• Cacofonix is a Dreadful Musician + Hidden Depths — for starters, he isn't actually that "dreadful" a "musician", but a very educated, creative and multitalented one who just happens to have a truly horrible singing voice (although it varies in quality). He may also be Born in the Wrong Century. He also tends to be very arrogant about his talents when people are abusing him about his music, but, as soon as anyone actually wants to hear it, he gets insecure and often starts jabbering about audiophile stuff or loses his voice from stage fright, suggesting it may be an Inferiority Superiority Complex.
  • The Transformers: More Than Meets the Eye: Everyone gets a turn (the title of the comic, after all, is More than Meets the Eye, and it's not just talking about alt-modes), but Whirl, the resident Heroic Comedic Sociopath, is probably the most notable. He's angry because of the loss of his delicate hands to Empurata, making it impossible for him to ply his trade as a watchmaker; he's surprisingly good at getting inside Fortress Maximus's head when the latter has a psychotic episode and takes Whirl and Rung hostage (and later manages to play Rodimus like a cheap kazoo); he considers Rung a friend, not that he was willing to admit to it prior to the above hostage incident; and he admits at one point that a lot of his anger is a defence mechanism, so he doesn't need to face up to the things he's done. Less dramatically, he's also a fan of Earth cinema, especially Jean-Luc Godard.
    • The Scavengers start out looking like jokes - Decepticons so low on the totem pole that it's amazing the DJD even bothered to target them. Then they start showing their true colours: Fulcrum proves willing to give his life for people he's only just met (even if he fails to actually do so), Krok gives a surprisingly heartfelt speech about the stigma of mental illness, Misfire is very empathetic and even First Aid views him as an expert on organic medical care, and Spinister is a brilliant surgeon despite being insane. Even Grimlock, a brain-damaged murder machine, gets a go.
    Misfire: Y'know, Grimsy, sometimes you remind me of Spinister. Every now and then you'll say something or do something that makes me think there's a lot more going on in there than we realise. More than you realise, too. Guess all I can do is be patient, pay attention...and see what you do next.
  • A staple of Leo Ortolani (best known for Rat-Man):
    • Rat-Man is well known as an outright moron and a rude and insulting man. When necessary, he can also prove himself an awesome hero (as Valker discovered the hard way when he asked him if he was the kind of hero who thinks he won't shoot or the one who thinks he can catch bullets with his hands: Rat-Man boasted he was the kind Valker could not shoot-because he stole his gun beforehand), and can be surprisingly nice and romantic at times.
    • Brakko is, by Word of God, "even stupider than Rat-Man, if at all possible", and a Running Gag is that he's the only one who doesn't know his wife cheats on him with literally the entire town and even their dog or that his son is actually the mailman's son, and spends an entire issue unable to realize that Cinzia Otherside is a transgender and a former(?) prostitue. Then, when influenced by the Shadow, he suddenly reveals he knew about his wife and son the whole time, he just loves his wife too much to hold it against her, and the issue where he first meets Cinzia has her told him outright and him hint he knew the whole time and just chose to treat Cinzia as the woman she saw herself as.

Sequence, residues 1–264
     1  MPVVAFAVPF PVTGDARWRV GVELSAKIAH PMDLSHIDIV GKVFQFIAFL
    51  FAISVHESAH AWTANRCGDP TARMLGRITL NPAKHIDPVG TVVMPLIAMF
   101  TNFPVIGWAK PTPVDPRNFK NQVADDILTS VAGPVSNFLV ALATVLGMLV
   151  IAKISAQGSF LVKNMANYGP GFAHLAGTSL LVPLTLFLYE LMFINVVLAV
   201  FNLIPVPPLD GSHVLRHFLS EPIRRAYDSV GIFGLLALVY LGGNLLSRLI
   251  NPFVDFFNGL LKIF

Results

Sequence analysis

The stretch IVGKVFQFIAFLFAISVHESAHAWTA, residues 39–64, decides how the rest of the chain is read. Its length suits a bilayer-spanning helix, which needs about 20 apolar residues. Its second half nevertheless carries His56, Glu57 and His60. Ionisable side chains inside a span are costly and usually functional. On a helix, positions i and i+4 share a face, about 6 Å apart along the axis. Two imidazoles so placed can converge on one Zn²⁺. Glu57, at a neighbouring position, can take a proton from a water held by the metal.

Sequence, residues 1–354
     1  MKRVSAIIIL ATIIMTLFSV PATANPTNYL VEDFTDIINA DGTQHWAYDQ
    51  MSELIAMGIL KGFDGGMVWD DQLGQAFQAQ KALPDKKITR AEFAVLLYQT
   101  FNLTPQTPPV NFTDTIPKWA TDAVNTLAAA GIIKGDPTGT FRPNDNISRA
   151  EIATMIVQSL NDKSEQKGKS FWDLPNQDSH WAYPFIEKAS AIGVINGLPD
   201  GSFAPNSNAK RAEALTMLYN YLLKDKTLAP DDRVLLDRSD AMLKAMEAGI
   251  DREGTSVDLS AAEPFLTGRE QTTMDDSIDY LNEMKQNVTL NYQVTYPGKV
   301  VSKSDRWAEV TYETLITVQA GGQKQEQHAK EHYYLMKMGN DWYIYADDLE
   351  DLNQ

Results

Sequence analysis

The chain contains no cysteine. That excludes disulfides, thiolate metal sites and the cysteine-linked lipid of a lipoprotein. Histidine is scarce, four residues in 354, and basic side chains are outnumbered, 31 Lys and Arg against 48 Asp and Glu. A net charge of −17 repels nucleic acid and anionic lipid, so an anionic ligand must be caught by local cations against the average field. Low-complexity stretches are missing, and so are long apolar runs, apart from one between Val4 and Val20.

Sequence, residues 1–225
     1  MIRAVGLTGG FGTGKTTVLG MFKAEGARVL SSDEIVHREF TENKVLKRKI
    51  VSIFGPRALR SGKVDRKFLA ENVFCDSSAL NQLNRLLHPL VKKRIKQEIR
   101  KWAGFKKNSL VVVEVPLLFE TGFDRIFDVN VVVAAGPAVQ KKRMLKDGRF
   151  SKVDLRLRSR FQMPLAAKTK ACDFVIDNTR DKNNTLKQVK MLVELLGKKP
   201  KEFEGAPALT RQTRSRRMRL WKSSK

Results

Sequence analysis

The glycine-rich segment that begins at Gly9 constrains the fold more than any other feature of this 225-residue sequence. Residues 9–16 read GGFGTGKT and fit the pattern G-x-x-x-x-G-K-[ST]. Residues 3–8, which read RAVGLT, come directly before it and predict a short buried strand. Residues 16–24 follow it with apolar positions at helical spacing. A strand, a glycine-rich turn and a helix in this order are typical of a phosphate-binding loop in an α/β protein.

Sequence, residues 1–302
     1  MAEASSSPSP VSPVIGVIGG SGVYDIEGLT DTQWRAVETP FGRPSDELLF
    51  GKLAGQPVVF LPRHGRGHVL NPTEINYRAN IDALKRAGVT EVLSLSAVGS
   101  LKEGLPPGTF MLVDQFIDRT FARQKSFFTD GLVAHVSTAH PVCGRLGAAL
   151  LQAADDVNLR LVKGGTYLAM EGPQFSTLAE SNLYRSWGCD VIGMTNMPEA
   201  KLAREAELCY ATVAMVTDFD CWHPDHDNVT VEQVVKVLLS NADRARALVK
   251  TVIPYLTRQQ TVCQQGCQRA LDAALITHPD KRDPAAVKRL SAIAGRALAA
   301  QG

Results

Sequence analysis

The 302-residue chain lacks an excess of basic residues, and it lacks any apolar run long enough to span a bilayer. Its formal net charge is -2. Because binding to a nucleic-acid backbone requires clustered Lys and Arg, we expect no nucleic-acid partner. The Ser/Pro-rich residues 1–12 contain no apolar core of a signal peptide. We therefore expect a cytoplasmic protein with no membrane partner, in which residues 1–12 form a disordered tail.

• Valker is the main villain, a professional Hero Killer, and the host of the Shadow, and the main Running Gag about him is him hilariously maiming or killing employees or people who just pissed him off for minor transgressions. He's also Rat-Man's loving adopted father, and wiped out his son's memory of him, and his own of the son, before the Shadow could possess him to protect him.
    • Bedelia from Venerdì 12: a very shallow woman who Really Gets Around, when she broke up with Aldo he asked her "What will I do?", and she calmly took the chance to reply "Frankly, my dear, I don't give a damn" before driving away-on his car. As the series progressed it turned out she had good reasons to be so hard with him when they broke up (and in fact she was incredibly patient, with every single thing she told him in her "The Reason You Suck" Speech at the break-up being fully justified), and the night before the break-up, that she had long planned since the beginning (he even had a "best before" date tattoed on the thigh), she was outright gentle, trying to give him at least a good memory with a non-stop night of sex and not pointing out she knew he was a virgin to not hurt him-only for him to get nervous and lock himself in the bathroom, at which point she apparently spent the next day planning the harshest break-up she could and the theft of his car.
  • Jimmys Bastards: The titular Jimmy Regent is a James Bond parody, with class, gadgets, and pornomancer abilities aplenty (the title comes from his many, many illegitimate children uniting against him). He has none of his inspiration's misogyny, however, making no attempt to hit on his new sidekick (to her surprise, having heard of his reputation) because his experiences with women have left with with a sense of when someone is just not interested. As said sidekick is a black woman, he also asks, not if she got the job for Twofer Token Minority reasons, but rather if it annoys her that people think so (she has plenty of chances to prove her worth in gunfights). They also have long conversations on the meaning (or lack thereof) of the phrase "politically correct" and other social justice concerns.
  • Wonder Woman:
    • In her first few appearances Paula seemed to be a cruel unrepentant loyal Nazi collaborator and supporter who practiced slavery, it was then revealed she was only working for the Nazis because they had her daughter prisoner and had already murdered her husband and she turned on them and became Diana's loyal friend and ally in a heartbeat after Diana rescued her daughter.
    • While Artemis started out as one of the Bana lest likely to turn their misandrist views into outright murder and was perfectly willing to save men from danger she still considered men inherently inferior and distasteful. The longer she spends with the Themyscirans and society at large the more she starts losing some of her misandrist views.